EVENINGS WITH LED ZEPPELIN
DAVE LEWIS & MIKE TREMAGLIO
“Forget the myths. It was all about the music.” Jimmy Page
Following on from several tomes on the Led Zeppelin bookshelf which have documented the live Zep experience, comes possibly the definitive live document on Led Zeppelin.
The Beatles and The Zep – two of our most enduring bands, whose musical legacy lives on way beyond their brief careers. Drawing comparisons with the fab four, The Beatles’ relatively short career has been documented in almost microscopic detail by Mark Lewisohn. His chronicles and meticulous attention to details are definitive works on the Liverpool quartet.
Zeppelin’s similar short but sweet ten years (plus the odd ‘reunion’) with their ten album legacy has similarly been the focus of a lifetimes work for not only Jimmy Page, but also Zep chronicler Dave Lewis. Aside from his ongoing Tight But Loose magazine and associated books, he’s previously examined their live career in the collaboration with Simon Pallett on The Concert File back in 1997. Building on that work, Evenings With… takes things into significantly more depth and is the result of wider ranging research along with Mike Tremaglio.
While some might argue that the Led Zeppelin legend extends to their mystical and often threatening presence, the less savoury aspects tha began to surafce with their rise to world domination, the focus of the scrutiny is where the Zeppelin musical legend was forged– the stage. We follow the route of their 1068-1980 (and ever so slightly beyond) live journey in minute detail. You can probably find the minutiae into the likes of John Paul Jones performance on bass at the 5 earls Court gigs in 1975 or the intricacies of Page solos elsewhere. What Evenings… does is follow the Led Zeppelin live chronology and provide a deep illustration of the shows with a series of details about the venues, press reports, images of the actual venues, ticket stubs, posters and ephemera that provide a rich visual wealth. Naturally there are accompanying references to the myriad of recordings, audience and soundboard, that have appeared from the gigs.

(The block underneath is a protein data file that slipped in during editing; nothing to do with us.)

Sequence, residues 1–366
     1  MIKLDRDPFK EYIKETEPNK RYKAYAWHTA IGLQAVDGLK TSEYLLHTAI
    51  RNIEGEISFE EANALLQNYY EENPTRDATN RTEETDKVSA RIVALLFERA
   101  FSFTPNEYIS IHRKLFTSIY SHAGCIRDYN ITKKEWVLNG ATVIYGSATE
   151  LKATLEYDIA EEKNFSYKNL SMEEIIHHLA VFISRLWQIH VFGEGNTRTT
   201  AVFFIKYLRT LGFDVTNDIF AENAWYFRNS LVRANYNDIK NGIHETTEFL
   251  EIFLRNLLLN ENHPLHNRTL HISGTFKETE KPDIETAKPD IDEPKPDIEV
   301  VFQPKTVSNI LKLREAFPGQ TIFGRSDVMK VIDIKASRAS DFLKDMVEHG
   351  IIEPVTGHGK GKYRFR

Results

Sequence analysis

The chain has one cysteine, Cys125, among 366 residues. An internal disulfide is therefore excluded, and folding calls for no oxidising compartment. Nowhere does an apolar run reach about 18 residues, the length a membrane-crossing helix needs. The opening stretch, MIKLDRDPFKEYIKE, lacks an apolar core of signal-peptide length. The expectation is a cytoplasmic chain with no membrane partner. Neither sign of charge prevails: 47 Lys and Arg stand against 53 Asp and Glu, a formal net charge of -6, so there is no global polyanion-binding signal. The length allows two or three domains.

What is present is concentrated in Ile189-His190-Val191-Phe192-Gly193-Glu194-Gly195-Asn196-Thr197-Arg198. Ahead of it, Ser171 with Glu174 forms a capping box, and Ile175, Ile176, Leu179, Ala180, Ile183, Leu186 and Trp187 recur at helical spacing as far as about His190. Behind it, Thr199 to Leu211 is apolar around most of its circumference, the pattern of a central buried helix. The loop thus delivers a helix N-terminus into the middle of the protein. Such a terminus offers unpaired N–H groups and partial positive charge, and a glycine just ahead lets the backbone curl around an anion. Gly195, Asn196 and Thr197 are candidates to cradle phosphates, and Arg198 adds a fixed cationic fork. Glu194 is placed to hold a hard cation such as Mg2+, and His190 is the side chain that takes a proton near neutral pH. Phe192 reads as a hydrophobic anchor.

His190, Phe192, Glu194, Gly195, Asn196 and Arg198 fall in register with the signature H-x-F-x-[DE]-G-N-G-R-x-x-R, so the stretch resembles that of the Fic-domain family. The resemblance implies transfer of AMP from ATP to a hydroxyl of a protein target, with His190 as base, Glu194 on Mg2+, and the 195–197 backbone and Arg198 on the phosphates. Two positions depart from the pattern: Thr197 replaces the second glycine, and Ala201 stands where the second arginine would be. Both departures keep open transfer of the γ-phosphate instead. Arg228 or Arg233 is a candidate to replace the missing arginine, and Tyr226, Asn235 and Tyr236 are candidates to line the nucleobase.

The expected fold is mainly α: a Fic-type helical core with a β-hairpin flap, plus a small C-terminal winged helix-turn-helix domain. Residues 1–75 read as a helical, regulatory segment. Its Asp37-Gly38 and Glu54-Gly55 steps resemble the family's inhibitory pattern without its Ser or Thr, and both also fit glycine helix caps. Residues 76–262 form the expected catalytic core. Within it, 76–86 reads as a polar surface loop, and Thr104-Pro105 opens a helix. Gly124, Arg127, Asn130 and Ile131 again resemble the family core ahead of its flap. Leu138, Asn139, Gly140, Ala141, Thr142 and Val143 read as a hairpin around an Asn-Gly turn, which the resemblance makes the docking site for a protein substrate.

Split into manageable chapters that cover their touring schedule, the gigs are covered with odds and ends sticking in the memory as you take it all in – interesting how, for example, the 1973 Hard Rock gig in Manchester is accompanied by a photo of the B&Q that now stands in the same place. Some period shots of the venues are contrasted with how they look now as the authors have made the text as immersive as possible for the reader. To their credit, the authors don’t don the rose tinted glasses that may have influenced past works. Press reports don’t skimp, reporting the shows that range from the mundane and shambolic to the transcendent.
What is made plainly clear, which fans will appreciate, is simply how active the band were in the period from 1968-73. Someone may do the maths on the proportion of their gig count comes in that period from 1973 to their demise in 1980, despite the heavy American touring in 1975 and 1977. The impact of trappings their successes although we’re not concerned here with the Hammer Of The Gods revelations shizzle. What’s also fascinating is their immediate acceptance in the US – playing multiple nights at Madison Square Garden and the like yet by stark contrast, returning to the UK and hitting the obscure clubs and theatres – Ipswich Baths, Nottingham Boat Club and The Belfry, Sutton Coldfield where”well over a thousand people were packed into the dance hall,” almost living a dual existence.
With a foreword from notorious Zep tour manager and insider, Richard Cole that heads a mesmerising piece of research, it may be apt to pick out the Record Mirror’s quote that adorned the cover of the late Howard Mylett’s pioneering work in his Led Zep biographies: “a bible for the Zeppelin legions.” Yes – this could be the final word. Hard to see anyone improving on it.